I have to admit it, I have a soft spot for Hinduism, at least as it is practiced in the U.S. and as it appears in books in English that extoll its values, wonders and mysticism. That’s not to say that I do any Hindu practices or even hold any Hindu beliefs, per se, although I do find the Indian philosophical questing to be highly intelligent and enlightened, if not also extremely ancient and appealling for that very reason.

Hindu temple, Malibu, California

I used to visit a marvelous Hindu temple in Malibu canyon, in California. It was thrilling and breathtaking to drive through this beautiful canyon and then see the temple spires cresting over a hill. I loved the colorful statues and exoticness of the place. I drew the line when the priest implied that the god-awful central statue, a huge black-painted log carved into a deity, with its eyes covered in wads of gauze, was too important for me to approach closely. I fully understand the symbolic significance of such icons, but bowing down to that ugly thing was not something I personally would do.  As if the deity really was in that log!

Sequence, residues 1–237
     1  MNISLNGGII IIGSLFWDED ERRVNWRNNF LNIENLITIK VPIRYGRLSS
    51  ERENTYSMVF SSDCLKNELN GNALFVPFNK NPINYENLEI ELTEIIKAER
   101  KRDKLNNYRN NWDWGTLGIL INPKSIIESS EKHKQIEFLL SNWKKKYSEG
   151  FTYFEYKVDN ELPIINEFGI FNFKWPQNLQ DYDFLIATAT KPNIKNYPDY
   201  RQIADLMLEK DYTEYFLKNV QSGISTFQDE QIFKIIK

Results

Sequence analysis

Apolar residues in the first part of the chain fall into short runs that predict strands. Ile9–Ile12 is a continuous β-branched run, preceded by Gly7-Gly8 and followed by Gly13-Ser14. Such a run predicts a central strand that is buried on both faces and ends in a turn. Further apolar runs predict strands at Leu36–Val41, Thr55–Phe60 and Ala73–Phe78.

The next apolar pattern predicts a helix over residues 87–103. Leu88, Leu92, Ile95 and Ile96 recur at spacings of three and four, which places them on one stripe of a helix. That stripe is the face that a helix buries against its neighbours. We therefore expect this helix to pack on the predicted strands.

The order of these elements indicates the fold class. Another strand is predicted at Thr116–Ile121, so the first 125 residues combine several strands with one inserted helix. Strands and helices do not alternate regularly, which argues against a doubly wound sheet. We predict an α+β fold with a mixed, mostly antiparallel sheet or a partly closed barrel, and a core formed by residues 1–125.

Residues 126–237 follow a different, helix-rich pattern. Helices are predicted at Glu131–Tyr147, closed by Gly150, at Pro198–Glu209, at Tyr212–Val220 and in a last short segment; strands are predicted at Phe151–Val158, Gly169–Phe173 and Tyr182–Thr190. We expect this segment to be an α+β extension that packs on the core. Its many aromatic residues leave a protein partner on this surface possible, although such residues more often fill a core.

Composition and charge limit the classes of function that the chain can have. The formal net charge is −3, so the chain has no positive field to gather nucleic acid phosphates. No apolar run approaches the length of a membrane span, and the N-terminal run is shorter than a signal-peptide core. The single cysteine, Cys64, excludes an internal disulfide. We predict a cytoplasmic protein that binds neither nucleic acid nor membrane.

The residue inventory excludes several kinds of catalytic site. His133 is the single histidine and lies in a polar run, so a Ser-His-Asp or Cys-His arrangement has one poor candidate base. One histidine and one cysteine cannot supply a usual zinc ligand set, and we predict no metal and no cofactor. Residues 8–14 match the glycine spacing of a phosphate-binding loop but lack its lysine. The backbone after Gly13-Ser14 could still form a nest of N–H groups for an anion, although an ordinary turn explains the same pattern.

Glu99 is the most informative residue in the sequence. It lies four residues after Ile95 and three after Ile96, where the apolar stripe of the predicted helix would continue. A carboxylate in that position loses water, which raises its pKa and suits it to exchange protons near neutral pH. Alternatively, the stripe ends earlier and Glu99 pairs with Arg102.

In any event, I still like Hindu temples–and the refreshing openness of Indian Hindus as a whole. I’m not blinded to the fanaticism of that faith, as it manifests itself in India and elsewhere.  I see it, and I don’t like it. Nor am I fond of Hindu fanatics–especially the kind who got my Wiki page deleted because they could not stand me using an Indian pseudonym.

But I do find Hinduism to be far superior to certain other religious ideologies, especially the monolithic and intolerant Abrahamic faiths.

Further reading:

Hinduism in America on the rise
Hindu Americans face challenges, growth in following their faith